A move across the pond: how the heck did we get here?

One woman’s take on her family’s decision to move to Canada.

Chapter 1

Lake and mountainWelcome, dear reader, to my first ever literary endeavor – I am excited at the prospect of seeing my name ‘in print’ for the first time, even if not on paper. It’s another thing off my bucket list and a first for me – well, aside from my entry into the UK Platinum Handwriting Contest circa 1968 in which I was actually awarded a coveted fountain pen prize! I hope you will enjoy my ramblings – and ramblings they may indeed become if I open the bottle of wine before I finish this virgin article (I will try hard not to!)

My remit for this expat column from she who must be obeyed (aka the Editor who also happens to be a somewhat scary A-Type lawyer and very special friend) is to share with you my experiences of living overseas for the past 10 or so years, having left the UK during what can best be described as some sort of mid-life crisis along with my husband and then six-year-old daughter.

We wanted to experience life outside of the Home Counties and widen our daughter’s horizons. I’m Not sure why we felt the need to move so far away and I still don’t know why we didn’t just head north to Dundee or Edinburgh, but so it is that I type to you from the beautiful, somewhat sleepy hamlet of Bragg Creek which we now consider home. And if you don’t know where that is on the globe, it’s a very quintessentially Canadian community of around 3,000 people, 1300 meters above sea level (and compared to the UK that is high!), nestled in the foothills of the Rocky Mountains – about 20 miles west of Calgary, in Alberta, Canada.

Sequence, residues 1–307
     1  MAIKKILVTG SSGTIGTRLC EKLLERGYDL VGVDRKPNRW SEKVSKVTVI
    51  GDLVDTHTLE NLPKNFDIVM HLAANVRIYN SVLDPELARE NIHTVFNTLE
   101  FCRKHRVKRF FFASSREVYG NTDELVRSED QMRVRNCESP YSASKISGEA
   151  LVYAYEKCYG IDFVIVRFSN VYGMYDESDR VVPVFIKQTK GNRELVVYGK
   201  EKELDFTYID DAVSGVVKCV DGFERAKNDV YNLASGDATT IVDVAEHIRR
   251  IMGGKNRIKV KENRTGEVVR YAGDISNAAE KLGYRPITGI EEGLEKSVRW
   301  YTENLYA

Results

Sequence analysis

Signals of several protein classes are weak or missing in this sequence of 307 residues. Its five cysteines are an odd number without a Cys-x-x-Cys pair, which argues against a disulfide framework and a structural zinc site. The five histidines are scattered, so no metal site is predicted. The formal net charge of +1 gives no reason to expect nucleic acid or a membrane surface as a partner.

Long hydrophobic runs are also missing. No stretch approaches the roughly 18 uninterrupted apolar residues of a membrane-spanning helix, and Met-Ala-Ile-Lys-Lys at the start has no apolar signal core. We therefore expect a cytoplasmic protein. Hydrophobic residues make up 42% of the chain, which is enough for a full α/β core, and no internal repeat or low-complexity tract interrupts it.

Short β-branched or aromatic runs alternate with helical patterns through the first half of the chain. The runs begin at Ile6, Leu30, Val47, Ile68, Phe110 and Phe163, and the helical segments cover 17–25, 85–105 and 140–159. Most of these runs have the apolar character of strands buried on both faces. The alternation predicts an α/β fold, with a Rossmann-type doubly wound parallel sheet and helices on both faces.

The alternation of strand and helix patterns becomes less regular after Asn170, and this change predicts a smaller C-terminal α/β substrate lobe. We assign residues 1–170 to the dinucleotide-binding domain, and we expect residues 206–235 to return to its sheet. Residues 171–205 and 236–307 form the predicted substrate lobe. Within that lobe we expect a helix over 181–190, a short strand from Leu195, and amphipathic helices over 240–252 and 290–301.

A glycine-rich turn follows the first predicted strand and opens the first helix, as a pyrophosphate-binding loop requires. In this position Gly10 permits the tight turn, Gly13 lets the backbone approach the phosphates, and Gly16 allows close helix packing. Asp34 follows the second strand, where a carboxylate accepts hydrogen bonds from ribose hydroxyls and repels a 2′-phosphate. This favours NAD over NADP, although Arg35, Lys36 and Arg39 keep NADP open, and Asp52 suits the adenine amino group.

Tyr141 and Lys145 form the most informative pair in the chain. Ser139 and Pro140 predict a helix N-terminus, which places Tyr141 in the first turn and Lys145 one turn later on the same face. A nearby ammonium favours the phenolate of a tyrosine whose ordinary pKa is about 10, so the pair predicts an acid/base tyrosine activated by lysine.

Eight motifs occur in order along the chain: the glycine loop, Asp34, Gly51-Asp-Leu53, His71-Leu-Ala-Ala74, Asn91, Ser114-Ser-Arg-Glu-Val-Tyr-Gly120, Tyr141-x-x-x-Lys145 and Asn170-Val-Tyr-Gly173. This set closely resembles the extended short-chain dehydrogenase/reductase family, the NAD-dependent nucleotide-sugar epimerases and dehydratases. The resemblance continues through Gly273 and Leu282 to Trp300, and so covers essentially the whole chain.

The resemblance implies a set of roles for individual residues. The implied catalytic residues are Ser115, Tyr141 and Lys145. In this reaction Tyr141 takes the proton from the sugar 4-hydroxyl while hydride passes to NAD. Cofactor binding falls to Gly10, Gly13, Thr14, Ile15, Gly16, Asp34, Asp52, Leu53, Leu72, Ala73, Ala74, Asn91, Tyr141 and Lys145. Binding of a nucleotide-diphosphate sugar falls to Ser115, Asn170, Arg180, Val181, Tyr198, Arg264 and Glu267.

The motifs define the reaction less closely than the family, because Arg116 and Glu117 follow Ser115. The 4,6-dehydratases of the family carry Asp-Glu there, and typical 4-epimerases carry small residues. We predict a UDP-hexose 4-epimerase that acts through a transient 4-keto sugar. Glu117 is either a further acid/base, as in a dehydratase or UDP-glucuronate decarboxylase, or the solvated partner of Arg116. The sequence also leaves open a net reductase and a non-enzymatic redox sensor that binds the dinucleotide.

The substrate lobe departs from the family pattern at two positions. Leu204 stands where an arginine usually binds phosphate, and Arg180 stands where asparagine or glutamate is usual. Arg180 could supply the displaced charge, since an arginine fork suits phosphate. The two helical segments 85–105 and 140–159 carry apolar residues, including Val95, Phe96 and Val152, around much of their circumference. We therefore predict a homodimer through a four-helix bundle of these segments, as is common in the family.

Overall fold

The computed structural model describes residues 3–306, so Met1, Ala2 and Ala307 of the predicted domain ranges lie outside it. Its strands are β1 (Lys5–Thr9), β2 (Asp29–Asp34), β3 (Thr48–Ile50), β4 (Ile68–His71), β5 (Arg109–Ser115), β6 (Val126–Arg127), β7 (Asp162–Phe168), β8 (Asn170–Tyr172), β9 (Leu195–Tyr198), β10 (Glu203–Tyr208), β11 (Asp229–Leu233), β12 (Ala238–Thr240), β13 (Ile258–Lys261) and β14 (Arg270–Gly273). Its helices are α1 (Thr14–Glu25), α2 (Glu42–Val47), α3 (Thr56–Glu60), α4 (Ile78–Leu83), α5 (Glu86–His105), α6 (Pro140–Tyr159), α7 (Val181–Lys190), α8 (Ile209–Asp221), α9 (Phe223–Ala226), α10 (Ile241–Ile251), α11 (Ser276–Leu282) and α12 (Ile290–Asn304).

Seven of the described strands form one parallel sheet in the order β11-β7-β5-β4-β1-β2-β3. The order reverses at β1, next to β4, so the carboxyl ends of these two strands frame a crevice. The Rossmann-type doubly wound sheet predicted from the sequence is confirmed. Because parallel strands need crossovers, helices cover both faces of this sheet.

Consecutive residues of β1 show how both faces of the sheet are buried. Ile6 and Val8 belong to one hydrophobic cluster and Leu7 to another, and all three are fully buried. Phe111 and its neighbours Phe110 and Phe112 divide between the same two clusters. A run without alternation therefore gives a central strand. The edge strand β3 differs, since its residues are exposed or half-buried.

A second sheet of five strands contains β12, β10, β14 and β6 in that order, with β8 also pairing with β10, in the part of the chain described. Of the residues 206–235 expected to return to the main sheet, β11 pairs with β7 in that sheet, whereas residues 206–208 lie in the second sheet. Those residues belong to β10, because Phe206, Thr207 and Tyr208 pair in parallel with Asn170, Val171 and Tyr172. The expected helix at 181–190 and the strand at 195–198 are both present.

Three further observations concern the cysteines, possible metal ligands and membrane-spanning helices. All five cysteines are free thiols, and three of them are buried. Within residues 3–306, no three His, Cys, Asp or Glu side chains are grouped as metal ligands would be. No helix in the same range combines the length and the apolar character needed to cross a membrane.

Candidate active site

As the crow flies it is about 4500 miles away from London. Who knew it was so far away? Or that M&S had pulled out of Canada just months before we landed? Certainly not me when I boarded the plane from Heathrow on that July day sobbing uncontrollably, much to the bewilderment of the other passengers on the flight. I am sure they thought I knew something they didn’t – remember, this was Heathrow just after 9/11 and travelers’ nerves were still frayed. Unfortunately I was crying too hard to be able to reassure them all was well, and quite frankly I didn’t give a damn – I just wanted the plane to take off and the bar to open.